How often do you find yourself saying things like “I’m sorry…can you repeat that?” or “What did you say?” Probably more than you want to admit, if you are like most people. The reality is we live in a very noisy world today with constant distractions like text messages, push notifications, emails, social media notifications and more—and we’re connected 24/7.
We know how important listening is as a communication skill; it has been shown that on average, we spend up to 80 percent of our waking hours in some form of communication. But here’s the kicker: Studies indicate we only spend 45 percent of our time listening. We’re busted! Most of us are distracted and multi-tasking, and that makes us poor and inefficient listeners, and the question is why?
Here are some ways to improve our connections and make active listening a priority.
We are short on listening training
Remember the days of Ham radios? It used a “simplex” mode of communicating where one station transmitted while the other listened, and then the roles were reversed, allowing both sides to transmit, be heard and then sequentially respond to the messaging. Communication was orderly and clear—we knew we couldn’t respond until the other party said “Over”.
On the other hand, “duplex” communication occurs when stations transmit and receive simultaneously, allowing both parties to speak, like using a telephone. But in our world of constant connectivity, not only can you talk on the phone, but you can simultaneously receive text messages, news or social media notifications, reminders and more. Your attention is pulled in different directions resulting in distraction, fractured communication, and truly diminished listening.
When we allow another to speak and are fully present in the listening process we send a message that communicates trust, confidence and that we value the speaker. By using a “simplex” approach you will understand more and respond in an appropriate and gracious manner.
We think faster than we speak
We tend to speak at the rate of about 125 words per minute, but we have the mental capacity to understand someone speaking at 400 words per minute if it were possible to speak that fast! The result is we use only a fraction of our mental capacity to listen, so if the speaker is not engaging our attention, our brains will start to wander and pay attention to something else.
What did you say?
If you have ever suffered from an ear infection or plugged up ears, you know that sometimes you simply cannot hear. As we age, we frequently experience hearing loss, causing our listening skills to diminish. People with hearing loss often ignore the issue and act as if all is well, and miss critical parts of a conversation. Paying full attention, asking for clarification and reiterating back the statement notifies the speaker that you are in fact on the same page. We all have a responsibility to remember the first rule of communication: “Seek first to understand.”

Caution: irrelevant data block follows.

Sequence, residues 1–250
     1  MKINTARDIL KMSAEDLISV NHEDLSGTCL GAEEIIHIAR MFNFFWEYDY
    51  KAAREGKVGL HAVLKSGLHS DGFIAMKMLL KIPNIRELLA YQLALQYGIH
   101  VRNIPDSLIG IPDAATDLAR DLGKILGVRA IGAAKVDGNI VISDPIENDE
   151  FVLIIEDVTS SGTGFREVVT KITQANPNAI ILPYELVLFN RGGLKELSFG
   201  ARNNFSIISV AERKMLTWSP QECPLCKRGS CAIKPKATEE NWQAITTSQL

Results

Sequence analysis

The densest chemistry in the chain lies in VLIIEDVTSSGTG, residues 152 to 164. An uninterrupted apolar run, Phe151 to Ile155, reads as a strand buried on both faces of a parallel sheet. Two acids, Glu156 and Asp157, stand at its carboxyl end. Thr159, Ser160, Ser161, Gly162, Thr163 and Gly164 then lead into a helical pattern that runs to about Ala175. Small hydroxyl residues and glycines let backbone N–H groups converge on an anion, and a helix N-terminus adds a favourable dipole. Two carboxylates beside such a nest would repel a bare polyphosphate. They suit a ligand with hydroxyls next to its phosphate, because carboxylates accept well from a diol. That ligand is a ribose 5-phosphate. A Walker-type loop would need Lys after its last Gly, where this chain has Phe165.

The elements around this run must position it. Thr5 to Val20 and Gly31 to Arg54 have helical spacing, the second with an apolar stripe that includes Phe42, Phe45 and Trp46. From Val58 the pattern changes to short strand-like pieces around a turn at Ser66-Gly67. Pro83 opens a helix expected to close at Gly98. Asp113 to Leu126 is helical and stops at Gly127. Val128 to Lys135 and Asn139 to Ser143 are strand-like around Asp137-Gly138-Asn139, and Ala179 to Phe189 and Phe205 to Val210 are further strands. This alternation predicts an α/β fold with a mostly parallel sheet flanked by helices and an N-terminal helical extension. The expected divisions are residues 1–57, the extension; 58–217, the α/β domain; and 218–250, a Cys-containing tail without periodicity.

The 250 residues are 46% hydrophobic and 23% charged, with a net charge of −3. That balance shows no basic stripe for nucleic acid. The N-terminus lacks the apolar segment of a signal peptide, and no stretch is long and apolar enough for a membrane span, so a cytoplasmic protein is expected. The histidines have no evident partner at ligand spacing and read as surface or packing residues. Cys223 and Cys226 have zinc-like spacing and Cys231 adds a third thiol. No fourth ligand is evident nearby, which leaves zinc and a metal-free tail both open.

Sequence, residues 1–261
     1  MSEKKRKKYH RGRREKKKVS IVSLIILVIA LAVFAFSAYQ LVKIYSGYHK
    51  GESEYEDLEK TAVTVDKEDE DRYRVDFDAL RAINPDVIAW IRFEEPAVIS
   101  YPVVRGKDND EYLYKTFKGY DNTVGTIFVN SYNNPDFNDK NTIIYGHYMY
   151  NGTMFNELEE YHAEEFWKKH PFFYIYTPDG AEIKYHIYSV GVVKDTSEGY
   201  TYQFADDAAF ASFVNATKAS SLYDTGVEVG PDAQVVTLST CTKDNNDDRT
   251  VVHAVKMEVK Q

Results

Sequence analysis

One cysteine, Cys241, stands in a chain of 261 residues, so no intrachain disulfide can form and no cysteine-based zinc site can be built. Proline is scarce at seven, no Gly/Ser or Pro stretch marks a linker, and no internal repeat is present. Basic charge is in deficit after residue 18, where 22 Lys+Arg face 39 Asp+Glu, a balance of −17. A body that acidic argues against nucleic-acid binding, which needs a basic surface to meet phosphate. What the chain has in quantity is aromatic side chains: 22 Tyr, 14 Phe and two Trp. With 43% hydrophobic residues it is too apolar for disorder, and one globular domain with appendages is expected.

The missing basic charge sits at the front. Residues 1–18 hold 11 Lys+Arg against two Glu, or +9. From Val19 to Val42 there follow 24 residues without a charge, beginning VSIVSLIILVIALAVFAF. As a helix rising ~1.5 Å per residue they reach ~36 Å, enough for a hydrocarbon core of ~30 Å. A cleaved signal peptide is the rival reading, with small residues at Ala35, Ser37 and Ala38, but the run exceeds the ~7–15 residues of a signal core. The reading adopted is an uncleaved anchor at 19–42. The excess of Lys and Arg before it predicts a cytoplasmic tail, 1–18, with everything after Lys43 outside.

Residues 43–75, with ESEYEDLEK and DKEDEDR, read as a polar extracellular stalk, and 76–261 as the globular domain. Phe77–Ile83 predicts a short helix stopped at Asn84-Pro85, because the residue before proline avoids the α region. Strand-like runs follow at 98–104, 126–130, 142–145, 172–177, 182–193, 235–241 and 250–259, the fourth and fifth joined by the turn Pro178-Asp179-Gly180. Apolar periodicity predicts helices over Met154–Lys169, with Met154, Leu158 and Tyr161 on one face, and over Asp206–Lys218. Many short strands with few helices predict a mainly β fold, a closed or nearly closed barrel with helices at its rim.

Listening takes some real work!
Giving another person your attention is a gift and makes them feel important, but it also requires concentration. If you’ve ever had a detailed and challenging conversation with someone, you may have felt both physically and mentally fatigued after that. It take increased focus to listen attentively. Give yourself a mental/physical break occasionally to refresh and reboot your attention factor.
Relevancy is key
Relevancy is critical to engage all, especially the younger generations like millennials. If there is no relevancy to their interests, you can guarantee without interest or relevance the listener(s) will seek out more interesting engagement elsewhere.
Here are a few tips to help you become a better listener:
- Become fascinated with the person you are speaking with. Clear focus is complimentary to the other person and causes you to understand their needs and what they are trying to convey.
- When you invest in communication training to develop deeper listening skills. Learn to observe behaviors and get to the core of the authentic exchange.
- Ask for clarification during a conversation to show your interest. Even saying “How interesting, tell me more!” is greatly appreciated by the other person.
The gift of your attention is one of the most extraordinary gifts you can offer another individual. Follow Ken Blanchard’s advice of: “Lead with your ears!” and you will harness the power of heightened communication skills and others will find you irresistible!